14 December 2018

In its recent administrative instructions, the National Social Security Office ("NSSO")  broadened the concept of remuneration for social security purposes compared to the interpretation that has been accepted until recently. 


The salary concept for social security purposes

The Social Security Act – which refers to the Wage Protection Act – and several administrative instructions issued by the National Social Security Office define the concept  of salary for social security purposes as follows:

  1. the benefit must be paid or be valuable in money;
  2. the employee is entitled to the benefit;
  3. the benefit is awarded to the employee by virtue of his/her employment; and
  4. the benefit is borne by the employer.

The labour courts have interpreted the fourth condition. However, the NSSO's administrative instructions issued for the third quarter of 2018 broaden the NSSO's interpretation of this condition.   

A benefit "borne by the employer"

Until recently, the NSSO and the labour courts interpreted the condition that the benefit must be borne by the employer in similar ways. The Court of Cassation recently ruled, in line with its previous judgments, that a benefit which is not financially borne by the employer can still be deemed to be remuneration. This will be the case when the employee can claim the benefit from his employer. The benefit must then be borne by the employer, at least as a matter of law. Until recently, this interpretation could also be found in the NSSO's administrative practice and instructions. 

However, the NSSO has now broadened the interpretation of this condition in its administrative instructions. The NSSO considers benefits as being borne by the employer if (i) the benefit is granted by virtue of the employment agreement, or (ii) the grant of the benefit relates to the function of the employee. 

According to this interpretation, the NSSO is now of the opinion that the condition is fulfilled if – in line with the tax administration's taxable income concept – a (causal) link can be made between the awarding of the benefit on the one hand and the employment agreement on the other hand, regardless of any intervention in the grant by the employer. In this way, the NSSO seems to combine the third condition (award by virtue of the employment) and the fourth condition (benefit borne by the employer), thereby undermining the usefulness of the fourth condition.

This interpretation entails that benefits granted to employees by third parties, with or without the employer's awareness, could qualify as remuneration subject to social security contributions. Such an interpretation seems not only to be unreasonable, but also to go beyond the existing (published) court rulings. It is debatable whether the NSSO's broadened interpretation will pass the test of judicial review.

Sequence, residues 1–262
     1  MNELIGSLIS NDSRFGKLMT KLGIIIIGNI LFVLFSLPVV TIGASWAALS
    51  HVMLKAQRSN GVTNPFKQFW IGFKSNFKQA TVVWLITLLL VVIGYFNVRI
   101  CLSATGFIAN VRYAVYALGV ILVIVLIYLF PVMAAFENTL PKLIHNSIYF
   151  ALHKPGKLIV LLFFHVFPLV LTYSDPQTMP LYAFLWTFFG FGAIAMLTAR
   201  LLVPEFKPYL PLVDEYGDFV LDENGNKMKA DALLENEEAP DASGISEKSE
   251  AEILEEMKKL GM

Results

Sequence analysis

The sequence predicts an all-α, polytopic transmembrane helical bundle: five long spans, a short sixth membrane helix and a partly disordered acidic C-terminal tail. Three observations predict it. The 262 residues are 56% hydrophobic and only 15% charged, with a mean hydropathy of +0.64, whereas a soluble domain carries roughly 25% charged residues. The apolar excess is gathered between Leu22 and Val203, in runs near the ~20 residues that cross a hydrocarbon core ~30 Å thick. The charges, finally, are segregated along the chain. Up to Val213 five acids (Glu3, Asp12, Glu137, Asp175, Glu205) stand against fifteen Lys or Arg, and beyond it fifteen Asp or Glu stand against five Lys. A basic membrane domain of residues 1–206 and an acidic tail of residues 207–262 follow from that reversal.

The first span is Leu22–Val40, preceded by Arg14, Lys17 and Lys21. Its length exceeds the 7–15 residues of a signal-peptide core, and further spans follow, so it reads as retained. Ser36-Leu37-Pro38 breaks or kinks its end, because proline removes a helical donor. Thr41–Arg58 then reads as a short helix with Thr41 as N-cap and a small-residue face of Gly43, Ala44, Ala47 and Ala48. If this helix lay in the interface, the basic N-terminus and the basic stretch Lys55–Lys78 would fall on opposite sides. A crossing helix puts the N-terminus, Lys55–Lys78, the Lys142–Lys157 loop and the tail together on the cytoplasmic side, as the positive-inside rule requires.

Potential practical impact of the broadened salary concept

The broadened interpretation of the salary concept, when applied by the NSSO, could put an end to the existing corporate practice where a parent company grants (in particular stock-related) benefits, exempted from social security contributions, to the employees of a subsidiary. Until recently, the grant of such benefits was free of any social security contributions provided that the subsidiary did not intervene in the grant in any way. From now on, such benefits could be made subject to social security by the NSSO as a direct result of the NSSO's broadened interpretation. 

Conclusion

Based on the NSSO's broadened interpretation of the salary concept, benefits granted by a third party to employees are considered to be salary as soon as a (causal) link with the employment agreement can be established. The NSSO's interpretation is very similar to the tax administration's taxable income concept. 

However, this interpretation goes beyond the existing (published) court rulings interpreting the condition that a benefit must be borne by the employer in order to qualify as salary subject to social security contributions. Whether this interpretation by the NSSO is compatible with the legal salary concept, as set out in the Wage Protection Act, will have to be decided by the courts.